From Birth to Nothing
I grew up in Cranford, New Jersey, exit 137 on the Garden State Parkway, twenty-one miles from the Lincoln Tunnel and New York City. My youthful years offered no clues that I was headed for a life in the creative world. I spent no time whatsoever drawing, or writing, or dreaming up stories. My days were devoted to mastering the lofty pursuits of a dedicated Jersey boy, stickball, stoopball, diners, disrupting class. I excelled in nothing at school save for one "good work" in Social Studies and, a few years earlier, Best Cowboy Outfit.
My poor mother, elected to the Board of Education, was brought into the high school Principal’s office and told “Don’t expect anything from your son in the future.” For a while those words seemed prescient. My academic performance at Marietta College hit near bottom. I was rarely seen in class, visible instead at the local pool hall, various bars, and numerous campus protest demonstrations. Years later, when I was invited back to Marietta to receive the Distinguished Alumnus Award, I was informed by an administrator that as a student I'd been one of the colossal reprobates in the history of the school. I left college with an abysmal transcript and a stack of newspaper articles I’d written for the school newspaper. Broke and jobless I scuffled from a run-down apartment off Needle Park to a transient hotel on Thirty-ninth Street to a burned-out tenement on Eighty-third. I don’t remember one person saying about me, “Now there’s a young man that’s going to go far.” Most said, “Now there’s a young man doomed to failure.” I was one of those people who launched a career with nothing but rocket fuel to prove them wrong.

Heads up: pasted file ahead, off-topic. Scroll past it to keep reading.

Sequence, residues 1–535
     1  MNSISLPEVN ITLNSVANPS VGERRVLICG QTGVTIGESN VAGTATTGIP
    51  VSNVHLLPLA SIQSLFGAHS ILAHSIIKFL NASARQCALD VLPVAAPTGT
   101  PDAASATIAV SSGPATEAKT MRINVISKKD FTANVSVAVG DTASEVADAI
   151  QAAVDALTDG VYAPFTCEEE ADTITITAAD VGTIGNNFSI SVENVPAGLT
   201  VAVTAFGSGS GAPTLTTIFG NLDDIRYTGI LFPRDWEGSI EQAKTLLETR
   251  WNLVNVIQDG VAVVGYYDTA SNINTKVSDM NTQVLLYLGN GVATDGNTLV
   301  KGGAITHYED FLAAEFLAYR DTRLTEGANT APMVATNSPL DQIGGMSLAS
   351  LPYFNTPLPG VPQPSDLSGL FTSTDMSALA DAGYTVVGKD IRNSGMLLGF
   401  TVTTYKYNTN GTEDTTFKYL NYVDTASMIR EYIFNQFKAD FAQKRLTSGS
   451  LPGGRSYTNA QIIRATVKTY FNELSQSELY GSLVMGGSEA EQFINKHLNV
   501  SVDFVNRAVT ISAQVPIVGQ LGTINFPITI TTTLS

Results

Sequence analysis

Gary Kott Quick Look
Hollywood career: Writer/Supervising Producer of The Cosby Show during its five consecutive years of number one ratings. Writer of pilots, screenplays, and other TV shows including Fame, Remington Steele, Hotel, The White Shadow. Awards: Peabody Award, Writers Guild of America Award, NAACP Image Award, two Humanitas Prize nominations, one Emmy Award nomination. Previous career: Madison Avenue -- Vice President/Creative Director of Ogilvy & Mather -- copywriter, Young & Rubicam -- wrote and produced national television commercials and print ads. Playwright: Stage plays appeared at the Actors Studio in New York, the Grove Street Playhouse, and the Santa Monica Playhouse. Artwork: Original works of sculpture and paintings. Guest speaker: Museum of Broadcasting in New York and the Smithsonian Institution in Washington. Education: B.A. Marietta College -- Distinguished Alumnus Award.
I found a thirty-five-year-old can of film in a storage box and sent it to a digital transfer service -- the reel is all that remains of the many TV commercials I wrote and produced before I left for Hollywood -- luckily, the images survived though the colors didn't -- at one point I had a carton filled with television commercials I created -- but, alas, I lost that carton during a period of pure chaos and bedlam...
Deep down at the bottom of the storage box I found a bunch of print ads I wrote eons ago -- the first batch was a campaign for Arrow Shirts -- my partner was the talented art director John Lucci -- our goal was to make very inexpensive shirts look and sound rich and upscale -- we decided to forgo working with perfect-looking male models in lieu of regular guys with crooked noses and craggy skin -- click the images below for larger views..
At the time, fashion designer Halston was planning to introduce a men's shirt line -- they contacted the bosses at Young & Rubicam and requested the Arrow team to work up a spec campaign -- John Lucci and I picked a movie theme to introduce the shirts -- we decided to feature extreme close-ups of details in order to convey a sense of the highest quality -- I left Y&R soon after and headed to Hollywood -- I have no idea what happened to the campaign after I left, or if Halston ever went ahead and produced men's shirts...